On the evening of Tuesday, April 10th residents of the Bedouin village of Umm al-Hiran signed an agreement with Israeli authorities to leave their homes and move to the town of Hura. The residents reluctantly accepted the Israeli government’s plan to turn the area into a Jewish only town after the residents’ demand to stay on their land was continuously rejected by the authorities and Israeli Supreme Courts gave final approval of the eviction orders.
The residents of Umm al-Hiran have been battling against the demolition of their homes for the last 15 years. They were previously expelled by the Israeli government from their land in Khirbet Zubaleh. After their initial forced expulsion they demanded to either be allowed to return to their original home and obtain a permanent recognized agricultural village, or be granted official recognition in their current place of residence, Umm al-Hiran.
The police arrived on Tuesday April 10th to prepare for the eviction that had been ordered for April 23. Following negotiations, which took place without the presence of Adalah – The Legal Center for Arab Minority Rights in Israel that had been legally representing the residents of Umm al-Hiran, the families agreed to relocate to the village of Hura with the condition that they would not be evicted again.
The struggle of Umm al-Hiran differs from the struggle of al-Araqib and other unrecognized villages in the Naqab on the basis of land ownership. The people of Umm al-Hiran were resettled to their current location in under IDF orders in 1956. It is important to note that Israeli authorities are solely responsible for the transfer of the people to this area after they were evicted from their homes. Despite being re-settled by the government they never received official recognition. The intention to transfer the people to a new area again represents a continuation of the state´s policy to force Palestinian-Arab residents of the Naqab to be displaced at the state’s discretion. The struggle of most unrecognized villages, such as Al-Araqib, on the other hand is a struggle for the land on which their families have lived and worked on for generations.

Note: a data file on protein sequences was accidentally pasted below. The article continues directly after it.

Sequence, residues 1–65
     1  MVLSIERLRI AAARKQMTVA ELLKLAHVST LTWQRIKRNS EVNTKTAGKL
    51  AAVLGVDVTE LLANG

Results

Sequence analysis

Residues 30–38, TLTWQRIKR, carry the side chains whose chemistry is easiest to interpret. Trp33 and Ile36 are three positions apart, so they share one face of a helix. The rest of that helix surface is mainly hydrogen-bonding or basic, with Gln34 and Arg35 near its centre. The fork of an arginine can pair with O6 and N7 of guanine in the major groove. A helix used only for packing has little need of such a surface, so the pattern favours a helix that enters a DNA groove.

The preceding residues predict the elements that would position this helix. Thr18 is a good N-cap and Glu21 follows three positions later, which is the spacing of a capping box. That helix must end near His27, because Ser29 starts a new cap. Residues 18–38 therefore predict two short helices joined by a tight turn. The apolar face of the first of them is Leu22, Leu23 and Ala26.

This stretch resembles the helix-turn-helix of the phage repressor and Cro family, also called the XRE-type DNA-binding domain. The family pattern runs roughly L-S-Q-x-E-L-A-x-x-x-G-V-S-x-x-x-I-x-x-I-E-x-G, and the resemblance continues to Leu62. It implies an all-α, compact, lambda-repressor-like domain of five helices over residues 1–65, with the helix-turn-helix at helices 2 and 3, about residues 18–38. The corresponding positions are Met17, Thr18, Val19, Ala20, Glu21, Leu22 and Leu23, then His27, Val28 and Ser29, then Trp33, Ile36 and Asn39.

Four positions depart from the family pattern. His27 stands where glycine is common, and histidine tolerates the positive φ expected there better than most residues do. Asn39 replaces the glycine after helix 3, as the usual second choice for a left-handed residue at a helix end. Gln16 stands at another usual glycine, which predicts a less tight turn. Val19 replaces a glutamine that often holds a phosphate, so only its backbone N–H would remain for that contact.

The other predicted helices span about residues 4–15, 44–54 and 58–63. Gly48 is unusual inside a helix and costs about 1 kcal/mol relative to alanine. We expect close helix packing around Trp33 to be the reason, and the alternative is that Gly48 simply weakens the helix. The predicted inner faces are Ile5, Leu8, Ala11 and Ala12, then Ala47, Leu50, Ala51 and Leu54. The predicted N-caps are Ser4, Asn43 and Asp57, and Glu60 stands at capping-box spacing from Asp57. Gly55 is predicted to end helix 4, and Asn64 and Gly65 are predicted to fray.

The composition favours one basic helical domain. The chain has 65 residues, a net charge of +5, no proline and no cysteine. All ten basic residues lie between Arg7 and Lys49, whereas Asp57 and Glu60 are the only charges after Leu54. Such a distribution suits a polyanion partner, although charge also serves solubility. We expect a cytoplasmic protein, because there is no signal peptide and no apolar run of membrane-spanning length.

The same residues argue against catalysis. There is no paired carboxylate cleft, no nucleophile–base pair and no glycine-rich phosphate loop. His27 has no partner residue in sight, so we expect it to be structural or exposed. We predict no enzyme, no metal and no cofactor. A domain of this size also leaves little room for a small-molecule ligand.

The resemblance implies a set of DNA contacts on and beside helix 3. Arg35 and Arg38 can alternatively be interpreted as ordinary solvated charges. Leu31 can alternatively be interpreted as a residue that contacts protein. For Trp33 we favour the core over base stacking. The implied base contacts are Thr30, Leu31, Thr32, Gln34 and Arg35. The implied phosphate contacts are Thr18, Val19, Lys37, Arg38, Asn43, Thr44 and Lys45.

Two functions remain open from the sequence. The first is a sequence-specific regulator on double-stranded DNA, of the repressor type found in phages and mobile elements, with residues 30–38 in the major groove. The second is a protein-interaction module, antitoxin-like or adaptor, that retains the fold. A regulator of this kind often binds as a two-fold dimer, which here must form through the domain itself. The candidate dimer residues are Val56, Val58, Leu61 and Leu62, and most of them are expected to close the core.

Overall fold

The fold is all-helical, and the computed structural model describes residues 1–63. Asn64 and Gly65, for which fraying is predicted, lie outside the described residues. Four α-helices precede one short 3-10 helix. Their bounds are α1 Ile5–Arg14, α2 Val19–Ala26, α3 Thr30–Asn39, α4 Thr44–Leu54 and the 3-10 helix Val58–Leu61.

Jafar Farah, Director of the Mossawa Center, made the following statements about the role of the courts which have rejected the requests of the residents and Adalah: “The Israeli courts have repeatedly shown their unwillingness to help the people of the Naqab and we must understand that any legal battle must be accompanied by political advocacy and popular struggle.”
The case of Umm al-Hiran has received international attention due to the continuous resistance of its people and the killing of the Yacoub Abu al-Qayan during forcible eviction of Umm al-Hiran in January 2017. The plan to construct a Jewish only village on the ruins of Umm al-Hiran has caused international pressure on the Israeli government. In March this year Mossawa together with Arab MKs organized a fact-finding mission to the Naqab and visit to Umm al-Hiran with a group of S&D members from the European Parliament.